Genetically-modified crops: ‘Biotech needed to feed growing population’

Report reviewing biotech, agriculture developments launched at GCU.

Our Correspondent March 30, 2013
Pakistan ranked 9th of 28 countries growing biotech crops, with 2.8 million hectares of biotech cotton being grown in 2012. PHOTO: FILE


With its rapidly growing population, Pakistan faces the risk of serious food insecurity by 2030 unless it adopts biotechnology applications in agriculture.

This was the view expressed by biotech scientists at the launch of the International Service for the Acquisition of Agri-Biotech Applications, ISAAA Brief 44, a review of developments in international biotechnology, sustainable agriculture and technology transfer.

Chaired by GCU Vice Chancellor Dr Khaleequr Rahman, the launch of the report was organised by the Pakistan Biotechnology Information Centre (PABIC) at the GCU Institute of Industrial Biotechnology.

The report states that biotech crop growing around the world increased for the 17th consecutive year in 2012, with a total of 170 million hectares coming under cultivation. Developing countries grew a larger percentage of the net global biotech crop, 52%, for the first time in 2012. The top five biotech crop countries were China, India, Brazil, South Africa and Argentina, which collectively grew a total of approximately 78 million hectares, around 46% of global cultivation. These five countries also account for 40% of the global population. Pakistan ranked 9th of 28 countries growing biotech crops, with 2.8 million hectares of biotech cotton being grown in 2012.

Dr Clive James, the author of ISAAA Brief 44, said in a recorded message played at the ceremony that the provision of food to the continuously growing population of the world was a great challenge. By 2050, Pakistan’s population would reach 250 million and would require greater resources. He highlighted the need for the cultivation of crops which required less maintenance and reaped greater yields. He said that the increased biotech crop cultivation in developing countries in 2012 was an encouraging sign.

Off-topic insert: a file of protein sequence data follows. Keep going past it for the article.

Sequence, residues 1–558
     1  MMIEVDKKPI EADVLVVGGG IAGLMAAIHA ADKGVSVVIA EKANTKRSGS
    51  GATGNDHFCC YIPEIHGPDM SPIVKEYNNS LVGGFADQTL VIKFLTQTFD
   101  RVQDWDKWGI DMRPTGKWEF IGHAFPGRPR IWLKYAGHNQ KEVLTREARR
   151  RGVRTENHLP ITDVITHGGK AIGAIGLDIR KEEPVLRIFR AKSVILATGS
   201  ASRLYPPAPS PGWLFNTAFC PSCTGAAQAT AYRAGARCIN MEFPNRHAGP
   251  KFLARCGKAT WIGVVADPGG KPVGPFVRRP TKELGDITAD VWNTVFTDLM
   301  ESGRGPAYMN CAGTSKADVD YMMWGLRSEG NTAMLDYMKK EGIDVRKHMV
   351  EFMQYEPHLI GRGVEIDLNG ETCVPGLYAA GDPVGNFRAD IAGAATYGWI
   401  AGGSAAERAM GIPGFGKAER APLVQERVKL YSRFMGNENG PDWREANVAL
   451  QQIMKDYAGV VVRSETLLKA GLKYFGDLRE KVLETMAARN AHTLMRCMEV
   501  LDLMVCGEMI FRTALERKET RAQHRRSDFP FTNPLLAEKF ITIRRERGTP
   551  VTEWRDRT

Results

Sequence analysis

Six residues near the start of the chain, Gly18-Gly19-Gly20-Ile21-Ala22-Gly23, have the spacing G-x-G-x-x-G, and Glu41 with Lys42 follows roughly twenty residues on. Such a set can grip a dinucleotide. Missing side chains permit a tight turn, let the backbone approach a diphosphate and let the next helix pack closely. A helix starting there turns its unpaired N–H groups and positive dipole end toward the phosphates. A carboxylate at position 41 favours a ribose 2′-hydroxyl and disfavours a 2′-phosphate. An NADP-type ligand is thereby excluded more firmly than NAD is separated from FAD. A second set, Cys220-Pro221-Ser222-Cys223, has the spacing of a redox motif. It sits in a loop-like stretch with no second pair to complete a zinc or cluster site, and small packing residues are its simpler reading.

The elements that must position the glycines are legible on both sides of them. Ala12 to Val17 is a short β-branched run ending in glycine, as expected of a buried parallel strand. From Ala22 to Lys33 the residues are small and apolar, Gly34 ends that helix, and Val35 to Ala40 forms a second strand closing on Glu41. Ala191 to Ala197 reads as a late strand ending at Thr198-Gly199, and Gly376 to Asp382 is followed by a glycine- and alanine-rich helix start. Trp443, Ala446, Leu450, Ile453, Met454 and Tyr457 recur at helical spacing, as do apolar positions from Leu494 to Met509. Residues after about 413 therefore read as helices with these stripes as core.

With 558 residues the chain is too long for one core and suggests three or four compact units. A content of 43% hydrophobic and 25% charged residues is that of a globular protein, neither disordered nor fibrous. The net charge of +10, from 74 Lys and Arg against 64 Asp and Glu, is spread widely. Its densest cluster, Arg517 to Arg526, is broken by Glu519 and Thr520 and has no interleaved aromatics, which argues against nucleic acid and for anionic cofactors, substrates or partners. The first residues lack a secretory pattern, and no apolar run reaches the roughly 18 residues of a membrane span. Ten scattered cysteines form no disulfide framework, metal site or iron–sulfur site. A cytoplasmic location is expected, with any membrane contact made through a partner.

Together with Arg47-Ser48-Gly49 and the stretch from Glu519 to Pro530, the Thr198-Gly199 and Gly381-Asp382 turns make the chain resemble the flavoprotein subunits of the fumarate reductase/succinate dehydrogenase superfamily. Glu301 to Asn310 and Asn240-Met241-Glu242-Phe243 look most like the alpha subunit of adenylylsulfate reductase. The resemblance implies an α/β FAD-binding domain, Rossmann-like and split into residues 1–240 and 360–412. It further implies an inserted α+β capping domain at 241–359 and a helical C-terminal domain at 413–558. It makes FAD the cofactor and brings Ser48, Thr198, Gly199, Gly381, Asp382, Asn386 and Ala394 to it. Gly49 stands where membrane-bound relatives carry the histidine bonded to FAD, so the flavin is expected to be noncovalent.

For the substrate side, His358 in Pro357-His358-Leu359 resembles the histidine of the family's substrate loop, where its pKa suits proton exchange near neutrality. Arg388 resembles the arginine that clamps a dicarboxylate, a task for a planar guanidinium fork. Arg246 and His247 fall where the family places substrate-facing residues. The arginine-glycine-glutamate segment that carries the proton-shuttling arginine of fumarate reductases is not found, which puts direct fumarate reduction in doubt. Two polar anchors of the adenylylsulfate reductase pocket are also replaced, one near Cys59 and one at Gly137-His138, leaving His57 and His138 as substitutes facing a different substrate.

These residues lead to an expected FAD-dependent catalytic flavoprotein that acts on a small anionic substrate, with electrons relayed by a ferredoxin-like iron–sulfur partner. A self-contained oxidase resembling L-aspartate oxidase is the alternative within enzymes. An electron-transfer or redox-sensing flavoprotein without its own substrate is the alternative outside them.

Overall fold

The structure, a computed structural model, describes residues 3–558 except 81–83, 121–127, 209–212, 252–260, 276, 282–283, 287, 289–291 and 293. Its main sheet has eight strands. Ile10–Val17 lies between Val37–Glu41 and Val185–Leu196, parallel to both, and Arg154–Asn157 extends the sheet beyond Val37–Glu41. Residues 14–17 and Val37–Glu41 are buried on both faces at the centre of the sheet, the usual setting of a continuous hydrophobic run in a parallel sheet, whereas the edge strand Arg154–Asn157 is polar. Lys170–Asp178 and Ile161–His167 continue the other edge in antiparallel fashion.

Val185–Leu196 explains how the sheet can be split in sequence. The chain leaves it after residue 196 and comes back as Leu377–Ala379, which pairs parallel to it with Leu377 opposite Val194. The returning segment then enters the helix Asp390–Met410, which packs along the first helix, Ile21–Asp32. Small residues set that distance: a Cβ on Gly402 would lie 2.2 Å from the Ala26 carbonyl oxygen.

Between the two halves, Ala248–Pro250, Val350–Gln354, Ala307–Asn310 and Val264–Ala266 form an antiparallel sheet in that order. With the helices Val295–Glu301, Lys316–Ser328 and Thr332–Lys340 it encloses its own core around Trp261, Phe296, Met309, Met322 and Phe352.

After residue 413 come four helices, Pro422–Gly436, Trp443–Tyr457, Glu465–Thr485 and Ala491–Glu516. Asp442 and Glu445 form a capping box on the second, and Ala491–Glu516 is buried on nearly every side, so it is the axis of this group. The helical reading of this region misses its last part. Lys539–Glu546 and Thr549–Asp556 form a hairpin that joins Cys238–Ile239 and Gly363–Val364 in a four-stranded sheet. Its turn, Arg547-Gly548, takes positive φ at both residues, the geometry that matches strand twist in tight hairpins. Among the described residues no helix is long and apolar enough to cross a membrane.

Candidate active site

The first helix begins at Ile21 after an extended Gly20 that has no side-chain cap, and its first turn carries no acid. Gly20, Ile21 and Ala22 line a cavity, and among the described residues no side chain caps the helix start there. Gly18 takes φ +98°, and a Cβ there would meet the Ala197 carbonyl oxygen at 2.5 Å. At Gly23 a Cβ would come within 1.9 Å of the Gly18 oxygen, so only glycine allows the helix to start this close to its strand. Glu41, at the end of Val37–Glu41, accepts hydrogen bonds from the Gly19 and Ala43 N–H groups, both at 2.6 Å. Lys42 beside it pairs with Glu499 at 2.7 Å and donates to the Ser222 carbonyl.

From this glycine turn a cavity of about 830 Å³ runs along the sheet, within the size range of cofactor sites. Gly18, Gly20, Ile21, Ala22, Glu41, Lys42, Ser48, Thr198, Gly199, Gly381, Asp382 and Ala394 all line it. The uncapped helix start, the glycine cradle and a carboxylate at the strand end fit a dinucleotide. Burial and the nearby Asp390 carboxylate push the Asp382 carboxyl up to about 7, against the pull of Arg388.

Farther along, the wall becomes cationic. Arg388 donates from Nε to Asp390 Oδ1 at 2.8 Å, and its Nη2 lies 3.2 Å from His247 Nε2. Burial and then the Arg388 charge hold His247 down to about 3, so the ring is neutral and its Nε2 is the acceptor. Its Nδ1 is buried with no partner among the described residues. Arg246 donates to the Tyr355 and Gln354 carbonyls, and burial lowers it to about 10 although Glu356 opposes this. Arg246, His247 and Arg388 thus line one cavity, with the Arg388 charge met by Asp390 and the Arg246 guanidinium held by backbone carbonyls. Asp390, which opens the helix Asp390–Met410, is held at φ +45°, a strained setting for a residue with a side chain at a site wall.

GCU Institute of Industrial Biotechnology Director Prof Dr Ikramul Haq stressed the need to open training centres for farmers where they could be taught about the significance of genetically modified crops.

Pakistan Academy of Sciences General Secretary Dr Anwar Nasim said there could be a national crisis and rioting if the issue of food shortage was not addressed. Biotechnological advancements must be employed to counter the challenges posed by food insecurity in Pakistan, he said.

National Institute of Biotechnology and Genetic Engineering Director Dr Sohail Hameed said Pakistan needed technology innovations in agri-biotechnology to address food shortages in the long run.

Published in The Express Tribune, March 30th, 2013.


Health2013 | 8 years ago | Reply

GMOs cannot and will not ever feed the world, Right now it's damaging people, livestock, and soil worldwide.

The American Academy of Environmental Medicine says that GMOs are causally linked to accelerated aging, dysfunctional immune regulation, organ damage, gastrointestinal distress, and immune system damage.

19 Studies Link GMOs to Organ Disruption —

The Union of Concerned Scientists' studies confirm that reduce yield. A USDA report from 2006 showed that farmers don't actually increase income from GMOs, but many actually lose income. And for the last several years, the United States has been forced to spend $3-$5 billion per year to prop up the prices of the GM crops no one wants."

There are no human safety studies yet, because they were deemed unnecessary biotech controlled governments. Monsanto refuses to allow independent testing of its GMOs (under pretense of protecting its patented technologies).

Fly on the wall | 8 years ago | Reply

Poverty is usually used as an excuse to justify the existence of agro industries and biotech methods of food production, even when 2 billion tonnes (possibly more) of food is wasted by Europe alone, but this problem of food storage and distribution tends to get ignored by the honchos of agro industries and their scientists. Serious food insecurity in Pakistan has always been there, since its inception and it seems that much food production in developing countries is destined for the developed world and the urban elites of the developing countries as is the cultivation of biofuel crops that have led to the destruction of the rainforests in the asian and the far eastern regions. The population explosion is out of control and no measures have been taken by the governments of those regions to deal with it. These countries are already facing serious water scarcity, desertification, salinity, soil degradation due to pesticides, water pollution, serious decline of wildlife and marine life etc. Africa is also facing similar problems.

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